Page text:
Last week I visited Auschwitz with UU Service Committee staff, board members, and partners. The town—Oswiecim in Polish—seemed very ordinary. The wooded area on its outskirts wore early spring green, pale and luminescent. Our bus passed a Kentucky Fried Chicken, stores, houses and apartment buildings, children at a bus stop.

The Auschwitz entrance facility reminded me of both an airport check-in area and a bus station. After screening, visitors received headphones and were assigned to a guided group. We then walked through a long, dimly lit corridor lined in marble. A recorded voice intoned the names of victims.

Outside again, we passed through the infamous metal arch into the grounds. Exhibit signs in Polish, English, and Hebrew are stark and direct: “Termination Method,” “Exploiting the Corpses.” With guided groups directly ahead and behind, we proceeded through the buildings briskly, with little time to stop and absorb what we were hearing and seeing: brutal facts, piles of luggage, pictures of people—especially children. The images remain with me.

At Block 13 we had a special opportunity to take time seeing a new exhibit documenting and memorializing the Sinti and other Roma people who were exterminated (also referred to as “gypsies,” which many Roma consider a derogatory term). Recent estimates suggest that up to 75 percent of Roma living in Europe lost their lives under the Nazis, a history that has largely been ignored. We saw photographs and read brief biographical sketches: families posing with their musical instruments, children playing in the forest or on a swing, wedding celebrations, and more, accompanied by the names and the date those pictured died at Auschwitz.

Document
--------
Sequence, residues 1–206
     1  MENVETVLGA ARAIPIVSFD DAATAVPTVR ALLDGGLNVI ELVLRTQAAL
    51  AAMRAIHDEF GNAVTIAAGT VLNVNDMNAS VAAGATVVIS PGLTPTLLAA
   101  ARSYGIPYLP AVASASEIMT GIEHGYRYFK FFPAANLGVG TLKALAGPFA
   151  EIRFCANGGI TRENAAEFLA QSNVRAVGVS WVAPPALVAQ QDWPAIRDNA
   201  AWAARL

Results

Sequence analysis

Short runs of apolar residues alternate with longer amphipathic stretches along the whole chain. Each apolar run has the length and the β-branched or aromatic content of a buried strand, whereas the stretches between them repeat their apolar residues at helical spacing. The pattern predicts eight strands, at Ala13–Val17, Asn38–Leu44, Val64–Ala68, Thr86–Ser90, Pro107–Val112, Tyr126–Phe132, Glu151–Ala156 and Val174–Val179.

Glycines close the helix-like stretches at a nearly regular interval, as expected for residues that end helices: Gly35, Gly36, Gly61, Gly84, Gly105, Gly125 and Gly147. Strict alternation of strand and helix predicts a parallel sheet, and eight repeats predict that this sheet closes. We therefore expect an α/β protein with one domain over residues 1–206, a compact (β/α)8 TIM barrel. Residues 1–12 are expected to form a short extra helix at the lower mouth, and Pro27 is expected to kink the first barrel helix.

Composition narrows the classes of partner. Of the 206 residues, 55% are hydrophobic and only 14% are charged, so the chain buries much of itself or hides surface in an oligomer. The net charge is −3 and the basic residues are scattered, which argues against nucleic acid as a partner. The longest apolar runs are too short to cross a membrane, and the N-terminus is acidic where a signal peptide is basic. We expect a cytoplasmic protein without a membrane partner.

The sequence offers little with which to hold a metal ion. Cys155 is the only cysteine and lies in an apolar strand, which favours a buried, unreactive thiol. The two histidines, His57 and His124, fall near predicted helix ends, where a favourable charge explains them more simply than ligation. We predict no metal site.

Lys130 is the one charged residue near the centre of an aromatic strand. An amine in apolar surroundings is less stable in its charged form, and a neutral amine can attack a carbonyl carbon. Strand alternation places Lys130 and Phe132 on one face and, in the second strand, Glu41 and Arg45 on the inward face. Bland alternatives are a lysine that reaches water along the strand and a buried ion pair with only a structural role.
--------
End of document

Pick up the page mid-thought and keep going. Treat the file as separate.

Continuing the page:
We also saw pictures and read brief bios of top Nazi leaders who oversaw the genocide. I stared at their faces. Over one million human beings were exterminated at Auschwitz/Birkenau. I thought about how methodical, systematic, thorough, and merciless their project had been.

Howard Thurman wrote:

The root of the evil, and evil it is, is in the human spirit. . . . The law cannot deal with the human spirit directly. This is not within its universe of discourse. The walls that divide must be demolished, they must be cast down, destroyed, uprooted. There must be ceaseless and unrelenting pressure to that end, using all the resources of our common life.

We came home to our weeping cherry tree in full bloom. May is almost here, and the surrounding woodlands will soon sport their own early spring green. The theme for this month is pluralism. We remind ourselves that every person is sacred and worthy in the fullness of who they are, and that differences of background, culture, religion, sexual orientation, and gender expression enlarge and enhance the quality of all lives. I have been reminded how important it is to commit ourselves in the way that Thurman urges us to do.

I am grateful for all that this experience brought me, and I continue to be grateful to be serving as your minister.Janets signature